Great word. One of the more word would be to watch your “margin.” Many of the struggles in maturing is being honest with the difference between knowing you can do something, knowing what you cannot do and knowing what you do not have time to do. The demands of ministry can be overwhelming and in a desire to be everything to everyone, we can overpromise and underdeliver.
    Another area that you mentioned that is powerful is loving the grandparents in the church. They can offer reflection on the culture and the church in ways we can be blind to in our youth. Thank God for them and let them love you with wise advice (even when it sometimes is couched in a bit of critique!)

  • Jeff says:

    These are very encouraging words, and great words of advice to young (and older) pastors. Thank you for them!

    Sometimes I wish that in seminary they would have had some basic, required course on like Dale Carnegie taught years ago “How to Win Friends and Influence People,” or some type of course that deals with how to relate to people. Maybe Basic People Skills 101? There are so many pastors I have known over the years who scored A pluses in Systematic Theology or Greek who got themselves fired over the silliest little missteps because, quite frankly, they just didn’t know how to act. Most people growing up these days did not have parents who were schooled sufficiently in the social graces (if they grew up with their parents at all) to know how and how not to relate to others- especially church people. Do you think Lifeway would be interested in developing something like this (along with Manners 101). It may not make much money, but it would be very helpful. Just my opinion. Thank you and God bless you.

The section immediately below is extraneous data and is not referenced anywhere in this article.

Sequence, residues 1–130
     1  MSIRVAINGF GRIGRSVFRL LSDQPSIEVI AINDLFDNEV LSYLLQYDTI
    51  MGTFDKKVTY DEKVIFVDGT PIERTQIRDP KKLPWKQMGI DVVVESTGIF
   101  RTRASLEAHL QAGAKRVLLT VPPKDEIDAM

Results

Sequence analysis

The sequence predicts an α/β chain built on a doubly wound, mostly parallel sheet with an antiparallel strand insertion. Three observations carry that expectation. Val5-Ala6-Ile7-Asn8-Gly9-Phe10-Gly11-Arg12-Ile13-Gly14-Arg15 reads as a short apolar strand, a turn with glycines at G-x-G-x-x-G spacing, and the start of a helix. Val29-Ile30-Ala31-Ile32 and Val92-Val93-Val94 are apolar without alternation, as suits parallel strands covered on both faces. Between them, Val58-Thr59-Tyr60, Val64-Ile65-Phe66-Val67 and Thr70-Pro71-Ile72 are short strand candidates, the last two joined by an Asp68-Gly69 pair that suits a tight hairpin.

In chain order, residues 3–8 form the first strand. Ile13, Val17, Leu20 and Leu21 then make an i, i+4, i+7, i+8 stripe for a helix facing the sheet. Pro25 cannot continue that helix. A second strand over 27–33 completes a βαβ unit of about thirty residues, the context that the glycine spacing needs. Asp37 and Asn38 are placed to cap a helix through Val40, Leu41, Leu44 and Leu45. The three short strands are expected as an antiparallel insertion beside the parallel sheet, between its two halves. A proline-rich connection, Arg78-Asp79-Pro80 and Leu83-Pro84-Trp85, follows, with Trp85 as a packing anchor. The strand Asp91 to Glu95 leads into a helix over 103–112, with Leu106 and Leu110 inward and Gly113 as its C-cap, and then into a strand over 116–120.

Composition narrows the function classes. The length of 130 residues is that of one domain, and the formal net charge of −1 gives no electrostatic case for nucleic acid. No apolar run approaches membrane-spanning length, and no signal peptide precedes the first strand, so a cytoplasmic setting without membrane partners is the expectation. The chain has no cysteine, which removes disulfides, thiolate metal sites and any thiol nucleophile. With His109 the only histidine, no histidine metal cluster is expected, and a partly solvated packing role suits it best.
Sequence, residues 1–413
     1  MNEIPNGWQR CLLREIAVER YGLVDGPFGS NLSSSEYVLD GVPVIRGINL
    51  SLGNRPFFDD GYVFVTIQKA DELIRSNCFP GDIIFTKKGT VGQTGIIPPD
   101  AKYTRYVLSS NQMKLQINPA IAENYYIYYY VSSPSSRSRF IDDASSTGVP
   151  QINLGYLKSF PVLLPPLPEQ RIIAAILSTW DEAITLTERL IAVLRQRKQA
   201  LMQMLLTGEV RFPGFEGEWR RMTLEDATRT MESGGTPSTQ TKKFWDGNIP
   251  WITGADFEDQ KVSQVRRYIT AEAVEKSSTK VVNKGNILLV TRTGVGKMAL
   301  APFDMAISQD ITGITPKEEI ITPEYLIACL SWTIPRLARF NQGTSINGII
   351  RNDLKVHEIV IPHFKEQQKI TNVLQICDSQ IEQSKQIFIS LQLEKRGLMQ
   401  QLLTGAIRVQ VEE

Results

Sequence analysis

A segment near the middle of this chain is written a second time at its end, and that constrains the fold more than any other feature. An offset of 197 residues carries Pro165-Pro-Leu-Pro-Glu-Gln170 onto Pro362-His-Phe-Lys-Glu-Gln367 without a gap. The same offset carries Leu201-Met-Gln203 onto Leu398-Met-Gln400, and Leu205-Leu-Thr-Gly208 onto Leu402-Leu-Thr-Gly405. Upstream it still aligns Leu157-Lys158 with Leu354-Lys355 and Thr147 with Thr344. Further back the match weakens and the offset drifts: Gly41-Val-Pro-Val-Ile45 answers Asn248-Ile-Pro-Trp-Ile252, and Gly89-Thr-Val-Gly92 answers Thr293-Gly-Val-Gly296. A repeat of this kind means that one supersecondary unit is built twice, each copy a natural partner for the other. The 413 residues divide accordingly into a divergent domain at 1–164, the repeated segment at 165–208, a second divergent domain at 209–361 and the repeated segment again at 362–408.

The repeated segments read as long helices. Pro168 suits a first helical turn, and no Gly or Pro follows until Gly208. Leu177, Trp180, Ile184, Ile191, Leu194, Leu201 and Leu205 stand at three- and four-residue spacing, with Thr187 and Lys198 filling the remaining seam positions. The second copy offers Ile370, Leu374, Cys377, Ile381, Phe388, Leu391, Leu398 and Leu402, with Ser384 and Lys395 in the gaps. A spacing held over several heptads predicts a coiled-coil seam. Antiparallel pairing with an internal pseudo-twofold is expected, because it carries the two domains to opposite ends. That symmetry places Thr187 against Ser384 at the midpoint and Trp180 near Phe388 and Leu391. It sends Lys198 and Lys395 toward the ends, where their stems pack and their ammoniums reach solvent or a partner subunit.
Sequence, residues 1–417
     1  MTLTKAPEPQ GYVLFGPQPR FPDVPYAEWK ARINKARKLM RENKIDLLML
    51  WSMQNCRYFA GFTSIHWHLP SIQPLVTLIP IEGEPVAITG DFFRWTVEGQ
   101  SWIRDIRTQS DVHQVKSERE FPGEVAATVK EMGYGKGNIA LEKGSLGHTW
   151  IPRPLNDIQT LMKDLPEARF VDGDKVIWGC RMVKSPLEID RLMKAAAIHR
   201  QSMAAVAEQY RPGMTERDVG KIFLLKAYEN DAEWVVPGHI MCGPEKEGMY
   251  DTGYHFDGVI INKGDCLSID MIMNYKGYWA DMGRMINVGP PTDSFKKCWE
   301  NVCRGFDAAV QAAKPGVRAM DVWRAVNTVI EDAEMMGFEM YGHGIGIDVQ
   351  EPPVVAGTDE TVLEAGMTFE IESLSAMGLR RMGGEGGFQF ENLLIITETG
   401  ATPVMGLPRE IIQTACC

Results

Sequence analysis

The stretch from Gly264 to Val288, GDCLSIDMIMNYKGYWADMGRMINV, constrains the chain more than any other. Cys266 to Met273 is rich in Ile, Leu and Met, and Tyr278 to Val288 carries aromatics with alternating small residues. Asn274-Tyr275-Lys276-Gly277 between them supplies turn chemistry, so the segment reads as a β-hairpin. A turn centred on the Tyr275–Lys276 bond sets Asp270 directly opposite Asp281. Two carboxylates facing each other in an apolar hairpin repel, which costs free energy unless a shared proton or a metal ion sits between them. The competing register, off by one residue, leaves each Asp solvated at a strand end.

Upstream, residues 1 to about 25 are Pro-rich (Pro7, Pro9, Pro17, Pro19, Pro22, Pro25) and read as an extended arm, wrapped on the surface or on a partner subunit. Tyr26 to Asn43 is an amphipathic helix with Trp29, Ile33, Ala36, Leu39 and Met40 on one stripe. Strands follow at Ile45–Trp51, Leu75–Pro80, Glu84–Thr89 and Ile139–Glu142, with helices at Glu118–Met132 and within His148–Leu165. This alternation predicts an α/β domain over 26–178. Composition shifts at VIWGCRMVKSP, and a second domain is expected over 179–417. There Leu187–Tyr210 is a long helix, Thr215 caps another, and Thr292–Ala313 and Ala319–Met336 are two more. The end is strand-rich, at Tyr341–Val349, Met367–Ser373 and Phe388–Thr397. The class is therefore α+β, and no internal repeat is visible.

• Chuck Lawless says:

      Thanks, Jeff. I do think we need to do a much better job of training church leaders to relate to other people. Dr. Rainer would know better than I, but I suspect Lifeway already has some resources that might help in this direction.